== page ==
Structural nodes (SNodes)

After writing the computation code, the user needs to specify the internal data structure hierarchy. Specifying a data structure includes choices at both the macro level, dictating how the data structure components nest with each other and the way they represent sparsity, and the micro level, dictating how data are grouped together (e.g. structure of arrays vs. array of structures). Taichi provides Structural Nodes (SNodes) to compose the hierarchy and particular properties. These constructs and their semantics are listed below:

  • dense: A fixed-length contiguous array.
  • bitmasked: This is similar to dense, but it also uses a mask to maintain sparsity information, one bit per child.
  • pointer: Store pointers instead of the whole structure to save memory and maintain sparsity.
  • dynamic: Variable-length array, with a predefined maximum length. It serves the role of std::vector in C++ or list in Python, and can be used to maintain objects (e.g. particles) contained in a block.

See Advanced dense layouts for more details. ti.root is the root node of the data structure., ...)
  • snode – (SNode) where to place
  • x – (tensor) tensor(s) to be placed

(SNode) the snode itself

The following code places two 0-D tensors named x and y:

x = ti.var(dt=ti.i32)
y = ti.var(dt=ti.f32), y)
Parameters:tensor – (Tensor)
Returns:(tuple of integers) the shape of tensor

For example,

ti.root.dense(ti.ijk, (3, 5, 4)).place(x)
x.shape() # returns (3, 5, 4)
  • snode – (SNode)
  • index – axis (0 for i and 1 for j)

(scalar) the size of tensor along that axis

Equivalent to tensor.shape()[i].

ti.root.dense(ti.ijk, (3, 5, 4)).place(x)
x.snode().get_shape(0)  # 3
x.snode().get_shape(1)  # 5
x.snode().get_shape(2)  # 4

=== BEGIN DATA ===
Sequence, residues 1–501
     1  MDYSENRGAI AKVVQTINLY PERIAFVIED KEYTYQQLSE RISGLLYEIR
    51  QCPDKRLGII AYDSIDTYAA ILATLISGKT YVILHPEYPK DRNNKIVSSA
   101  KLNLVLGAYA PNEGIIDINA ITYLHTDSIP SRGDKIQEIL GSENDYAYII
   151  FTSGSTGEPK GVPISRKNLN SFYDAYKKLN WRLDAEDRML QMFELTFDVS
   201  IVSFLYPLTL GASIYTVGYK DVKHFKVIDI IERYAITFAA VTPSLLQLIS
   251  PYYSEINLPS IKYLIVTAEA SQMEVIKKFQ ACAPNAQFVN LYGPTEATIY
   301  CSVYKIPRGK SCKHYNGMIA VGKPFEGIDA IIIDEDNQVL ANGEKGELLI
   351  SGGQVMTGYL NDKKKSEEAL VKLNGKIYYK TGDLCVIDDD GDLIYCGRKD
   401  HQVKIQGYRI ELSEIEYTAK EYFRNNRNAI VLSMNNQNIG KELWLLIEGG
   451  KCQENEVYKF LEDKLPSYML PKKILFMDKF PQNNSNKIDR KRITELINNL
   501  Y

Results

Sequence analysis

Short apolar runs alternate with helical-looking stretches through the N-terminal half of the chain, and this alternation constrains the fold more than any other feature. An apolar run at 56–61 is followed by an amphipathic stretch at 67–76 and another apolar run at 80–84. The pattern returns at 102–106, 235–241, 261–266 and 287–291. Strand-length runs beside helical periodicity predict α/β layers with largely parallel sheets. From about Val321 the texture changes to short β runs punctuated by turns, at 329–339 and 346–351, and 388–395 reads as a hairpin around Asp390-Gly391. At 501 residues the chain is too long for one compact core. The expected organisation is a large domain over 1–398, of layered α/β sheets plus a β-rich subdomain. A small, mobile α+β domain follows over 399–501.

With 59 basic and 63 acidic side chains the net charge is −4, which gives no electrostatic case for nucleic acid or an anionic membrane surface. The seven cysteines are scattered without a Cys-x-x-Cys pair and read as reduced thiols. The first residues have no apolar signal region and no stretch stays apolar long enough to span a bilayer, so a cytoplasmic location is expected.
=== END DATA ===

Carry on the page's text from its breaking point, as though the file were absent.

Parameters:tensor – (Tensor)
Returns:(scalar) the dimensionality of the tensor

Equivalent to len(tensor.shape()).

ti.root.dense(ti.ijk, (8, 9, 10)).place(x)
x.dim()  # 3
Parameters:snode – (SNode)
Returns:(SNode) the parent node of snode
blk1 = ti.root.dense(ti.i, 8)
blk2 = blk1.dense(ti.j, 4)
blk3 = blk2.bitmasked(ti.k, 6)
blk1.parent()  # ti.root
blk2.parent()  # blk1
blk3.parent()  # blk2

Node types

snode.dense(indices, shape)
  • snode – (SNode) parent node where the child is derived from
  • indices – (Index or Indices) indices used for this node
  • shape – (scalar or tuple) shape the tensor of vectors

(SNode) the derived child node

The following code places a 1-D tensor of size 3:

x = ti.var(dt=ti.i32)
ti.root.dense(ti.i, 3).place(x)

The following code places a 2-D tensor of shape (3, 4):

x = ti.var(dt=ti.i32)
ti.root.dense(ti.ij, (3, 4)).place(x)


If shape is a scalar and there are multiple indices, then shape will be automatically expanded to fit the number of indices. For example,

snode.dense(ti.ijk, 3)

is equivalent to

snode.dense(ti.ijk, (3, 3, 3))
snode.dynamic(index, size, chunk_size = None)
  • snode – (SNode) parent node where the child is derived from
  • index – (Index) the dynamic node indices
  • size – (scalar) the maximum size of the dynamic node
  • chunk_size – (optional, scalar) the number of elements in each dynamic memory allocation chunk

(SNode) the derived child node

dynamic nodes acts like std::vector in C++ or list in Python. Taichi’s dynamic memory allocation system allocates its memory on the fly.

The following places a 1-D dynamic tensor of maximum size 16:

ti.root.dynamic(ti.i, 16).place(x)

TODO: add descriptions here

Working with dynamic SNodes

ti.length(snode, indices)
  • snode – (SNode, dynamic)
  • indices – (scalar or tuple of scalars) the dynamic node indices

(scalar) the current size of the dynamic node

ti.append(snode, indices, val)
  • snode – (SNode, dynamic)
  • indices – (scalar or tuple of scalars) the dynamic node indices
  • val – (depends on SNode data type) value to store

(int32) the size of the dynamic node, before appending

Inserts val into the dynamic node with indices indices.

Taichi tensors like powers of two

Non-power-of-two tensor dimensions are promoted into powers of two and thus these tensors will occupy more virtual address space. For example, a (dense) tensor of size (18, 65) will be materialized as (32, 128).


ti.indices(a, b, ...)